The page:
Scott Erickson is afraid of many things. It is 1994, the age of having a surplus of hair and of wearing one’s cap backwards, and Scott Erickson can do this. He has spent hours in front of the mirror, perfecting the exact level of carefree indifference he wishes to project upon the world. But there will be a day when it is no longer acceptable to wear one’s cap backward, and when one’s hair becomes something one must attend to. Scott Erickson fears for that day.
Scott Erickson is afraid of failure, but he is more afraid of success. It is May 3, and in his previous start he has just pitched the first no-hitter in Metrodome history. He knows that he can never achieve those heights again, that he has only added a new layer of fraudulence to the fiction that is his life. Expectations swell. Children will ask for strikeouts to cure their cancer. Men will want to talk to him in hotel lobbies. Women will expect a few extra seconds of sexual pleasure.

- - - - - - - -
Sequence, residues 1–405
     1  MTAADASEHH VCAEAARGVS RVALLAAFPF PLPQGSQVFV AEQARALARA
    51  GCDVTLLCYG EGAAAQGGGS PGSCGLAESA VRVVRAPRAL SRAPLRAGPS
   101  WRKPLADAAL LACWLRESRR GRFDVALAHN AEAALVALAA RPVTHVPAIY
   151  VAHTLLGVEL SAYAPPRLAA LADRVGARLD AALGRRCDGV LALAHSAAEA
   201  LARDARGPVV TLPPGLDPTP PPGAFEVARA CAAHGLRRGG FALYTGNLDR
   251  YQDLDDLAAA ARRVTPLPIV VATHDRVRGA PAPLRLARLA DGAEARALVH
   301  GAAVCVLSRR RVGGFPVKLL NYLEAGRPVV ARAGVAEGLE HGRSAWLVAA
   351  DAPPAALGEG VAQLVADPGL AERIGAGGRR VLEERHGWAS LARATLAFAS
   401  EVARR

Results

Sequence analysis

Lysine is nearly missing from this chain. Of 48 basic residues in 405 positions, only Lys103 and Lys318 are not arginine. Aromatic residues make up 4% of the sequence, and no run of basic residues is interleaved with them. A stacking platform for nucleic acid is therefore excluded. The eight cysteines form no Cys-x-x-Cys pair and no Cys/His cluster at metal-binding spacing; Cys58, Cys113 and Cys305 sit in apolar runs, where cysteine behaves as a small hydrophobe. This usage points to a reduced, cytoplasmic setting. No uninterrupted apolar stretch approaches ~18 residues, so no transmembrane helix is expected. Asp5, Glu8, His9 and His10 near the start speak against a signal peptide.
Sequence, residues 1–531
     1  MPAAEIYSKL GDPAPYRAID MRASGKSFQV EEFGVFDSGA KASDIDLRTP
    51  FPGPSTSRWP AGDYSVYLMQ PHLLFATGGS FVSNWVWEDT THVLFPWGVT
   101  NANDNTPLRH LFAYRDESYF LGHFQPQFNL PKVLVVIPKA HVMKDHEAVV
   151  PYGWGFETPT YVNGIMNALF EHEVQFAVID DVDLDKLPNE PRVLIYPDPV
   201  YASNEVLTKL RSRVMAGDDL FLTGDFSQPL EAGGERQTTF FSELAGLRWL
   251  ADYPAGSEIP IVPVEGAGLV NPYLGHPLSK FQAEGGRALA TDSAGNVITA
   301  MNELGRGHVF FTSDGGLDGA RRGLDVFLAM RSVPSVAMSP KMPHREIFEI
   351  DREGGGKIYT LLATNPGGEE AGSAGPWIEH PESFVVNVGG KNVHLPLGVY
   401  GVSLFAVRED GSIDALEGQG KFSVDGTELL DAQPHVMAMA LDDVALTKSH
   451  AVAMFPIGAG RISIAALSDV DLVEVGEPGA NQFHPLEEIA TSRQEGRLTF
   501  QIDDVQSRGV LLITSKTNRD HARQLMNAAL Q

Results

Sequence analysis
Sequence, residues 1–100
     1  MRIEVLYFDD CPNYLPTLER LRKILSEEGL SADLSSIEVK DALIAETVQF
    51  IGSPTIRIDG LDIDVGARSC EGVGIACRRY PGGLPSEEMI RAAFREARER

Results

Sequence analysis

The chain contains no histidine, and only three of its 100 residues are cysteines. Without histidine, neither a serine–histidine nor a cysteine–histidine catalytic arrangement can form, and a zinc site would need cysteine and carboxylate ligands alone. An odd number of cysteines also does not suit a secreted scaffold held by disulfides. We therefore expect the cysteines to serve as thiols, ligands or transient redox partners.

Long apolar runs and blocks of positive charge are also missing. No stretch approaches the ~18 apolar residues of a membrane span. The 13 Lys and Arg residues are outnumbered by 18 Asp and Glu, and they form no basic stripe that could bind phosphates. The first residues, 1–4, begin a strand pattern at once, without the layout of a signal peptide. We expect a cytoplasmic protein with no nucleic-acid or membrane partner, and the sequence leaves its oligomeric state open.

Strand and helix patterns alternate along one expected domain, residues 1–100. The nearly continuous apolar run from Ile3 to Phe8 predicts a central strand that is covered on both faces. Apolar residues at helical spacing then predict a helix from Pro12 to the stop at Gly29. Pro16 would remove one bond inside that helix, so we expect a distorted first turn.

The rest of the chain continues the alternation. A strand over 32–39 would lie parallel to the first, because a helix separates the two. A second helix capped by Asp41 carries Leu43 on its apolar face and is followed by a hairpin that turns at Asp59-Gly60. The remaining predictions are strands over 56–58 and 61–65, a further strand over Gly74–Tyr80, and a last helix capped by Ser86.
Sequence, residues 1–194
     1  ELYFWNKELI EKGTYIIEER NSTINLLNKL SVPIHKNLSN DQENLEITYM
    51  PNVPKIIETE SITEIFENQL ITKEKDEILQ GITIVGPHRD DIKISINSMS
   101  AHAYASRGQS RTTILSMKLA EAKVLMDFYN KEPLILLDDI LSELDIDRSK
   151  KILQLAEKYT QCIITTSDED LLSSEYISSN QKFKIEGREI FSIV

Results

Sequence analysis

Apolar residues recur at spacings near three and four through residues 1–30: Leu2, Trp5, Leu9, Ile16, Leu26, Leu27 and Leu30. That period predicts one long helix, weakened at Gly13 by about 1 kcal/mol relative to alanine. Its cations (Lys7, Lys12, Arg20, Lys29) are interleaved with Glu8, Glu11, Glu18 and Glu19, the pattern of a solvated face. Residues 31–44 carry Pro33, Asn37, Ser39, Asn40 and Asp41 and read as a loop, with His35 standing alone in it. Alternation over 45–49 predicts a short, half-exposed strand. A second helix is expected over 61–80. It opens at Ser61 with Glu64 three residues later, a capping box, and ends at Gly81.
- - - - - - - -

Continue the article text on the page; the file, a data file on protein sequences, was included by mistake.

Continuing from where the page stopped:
Scott Erickson is afraid that when it comes down to it, our whole lives are really just small sample size.